South Georgia is a long narrow island, some 100 miles long by some 15 across; it is placed almost at right angles to the main westerly drift coming up the Drake Straits … Where the main ocean current from the west strikes the continental shelf of South Georgia [is] an upwelling of water rich in phosphate from the deeper layers on the west side of the island, and it is here that we get the densest growth of diatoms, which are carried round either end into the area behind the island … This is, perhaps … why South Georgia, so peculiarly situated, should be one of the richest whale-feeding grounds of the world.
As late as the 1930s whales were still abundant all around South Georgia, where the industry was supported by rorqual, or baleen, whales—notably the blue whale, the humpback whale, and the finback, or fin whale. Only much later, when these larger species became scarce, did the whalers start hunting smaller species such as the minke. Today the Antarctic Ocean is an international whale sanctuary, now that all its large whalers are gone.
On January 24, 1998, in a bright dawn more than two centuries after Captain Cook’s departure, the snow peaks and glaciers of South Georgia glisten under a clear blue sky, as the ship moves southeast along the coast past Stromness Bay. In the first full sunshine of the voyage, the mountainsides are patched with verdant greens. Black cliffs fall steeply to the water at the mouth of the great Cumberland Bay, and dead ahead, closing the eight-mile length of the blue bay, glittering ice walls form the leading edge of the Nordenskold Glacier, which soars away through thin and shifting mists to Mount Nordenskold, 7,725 feet above sea level. Like the Malvinas, these are true mountains, not volcanoes. The island’s highest peak, Mount Paget, rises out of the sea from the ocean floor thousands of feet down to a white peak almost 10,000 feet above the ocean surface.
Glaciers descending between towers of black rock rule this mighty and ferocious landscape, including tidewater glaciers that come right to the water and “calve” small, irregular chunks of ice into the sea. All alone here, a half mile off the cliffs, the white Ioffe seems strangely diminished, even humbled. Between ship and shore, the sea is a clear jade green from the sheer density of organic matter. At this time of the year, the seawater is supersaturated with high densities of tiny diatoms as well as high concentrations of hydrogen and iron, phosphates and nutrient salts, which in turn support the clouds of krill.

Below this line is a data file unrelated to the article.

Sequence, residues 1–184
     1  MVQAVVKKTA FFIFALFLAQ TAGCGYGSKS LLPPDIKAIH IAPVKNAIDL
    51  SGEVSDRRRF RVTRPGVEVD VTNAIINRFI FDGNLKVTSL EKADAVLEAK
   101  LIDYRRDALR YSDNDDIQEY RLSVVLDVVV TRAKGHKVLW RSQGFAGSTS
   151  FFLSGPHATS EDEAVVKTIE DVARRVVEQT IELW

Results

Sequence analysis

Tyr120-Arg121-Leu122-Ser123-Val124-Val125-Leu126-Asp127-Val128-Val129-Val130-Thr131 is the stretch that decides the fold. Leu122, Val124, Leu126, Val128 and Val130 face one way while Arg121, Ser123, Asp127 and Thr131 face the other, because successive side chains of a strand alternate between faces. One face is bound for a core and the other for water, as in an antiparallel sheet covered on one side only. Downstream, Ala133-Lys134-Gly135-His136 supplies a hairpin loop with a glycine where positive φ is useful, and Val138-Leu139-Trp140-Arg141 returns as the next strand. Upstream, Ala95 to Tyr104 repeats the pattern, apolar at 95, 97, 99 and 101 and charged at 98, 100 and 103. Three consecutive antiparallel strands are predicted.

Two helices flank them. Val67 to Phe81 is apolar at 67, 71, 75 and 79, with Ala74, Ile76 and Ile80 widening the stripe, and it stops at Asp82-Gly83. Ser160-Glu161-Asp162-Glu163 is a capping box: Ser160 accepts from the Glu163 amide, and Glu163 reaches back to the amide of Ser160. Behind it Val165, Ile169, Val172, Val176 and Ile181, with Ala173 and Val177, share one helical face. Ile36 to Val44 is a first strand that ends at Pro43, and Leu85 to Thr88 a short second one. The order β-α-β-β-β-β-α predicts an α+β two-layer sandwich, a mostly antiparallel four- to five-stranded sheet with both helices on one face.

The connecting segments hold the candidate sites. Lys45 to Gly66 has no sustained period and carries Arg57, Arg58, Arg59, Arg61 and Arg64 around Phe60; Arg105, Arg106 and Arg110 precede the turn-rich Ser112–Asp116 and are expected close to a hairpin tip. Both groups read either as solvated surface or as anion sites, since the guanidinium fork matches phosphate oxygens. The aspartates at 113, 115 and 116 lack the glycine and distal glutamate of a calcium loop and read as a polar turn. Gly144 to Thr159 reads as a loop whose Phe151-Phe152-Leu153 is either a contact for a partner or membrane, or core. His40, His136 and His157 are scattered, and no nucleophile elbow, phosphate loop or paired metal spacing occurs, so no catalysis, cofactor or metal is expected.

It is austral summer, and the coastal cliffs are broken by the grassy headlands, slopes, and benches used by the nesting seabirds. Below the cliffs are black-rock beaches, and here the white breasts of king penguins shine against the stones. Nearer, the sun catches the gold ear patches behind the eye of swimming members of this splendid species, as well as the yellow head tufts of the much smaller macaroni penguins, which surface here and there among the dark, round, shining heads of the Georgian fur seals. Antarctic prions go twisting past in their small scattered companies, like blown confetti, and overhead fly kelp gulls and Antarctic terns—the first coastal species seen since the ship left Tierra del Fuego.
In King Edward Cove, under a snow peak, lies the rusty-roofed hulk of Grytviken, established in 1901 by the Norwegians as the first whaling station in the Antarctic. With a labor force of perhaps 300 men, the factory winched 60-foot whales—as many as 25 every day—onto its slippery platforms to be flensed and cooked not only for the whale oil in the blubber but also for bone and meat meal, and meat extract. Other Norwegian whaling stations thrived at Stromness until 1931, when the last South Georgia factories closed down for want of whales.
Today the station grounds have been reoccupied by the king penguins, which have joined a few introduced reindeer in their sad wanderings through the old ruins. Huge elephant seals lie in groaning rows by the shed walls, and a lively nursery of fur seal pups rush about on the grassy slope, which rises toward the cemetery where the great Antarctic hero Ernest Shackleton is buried.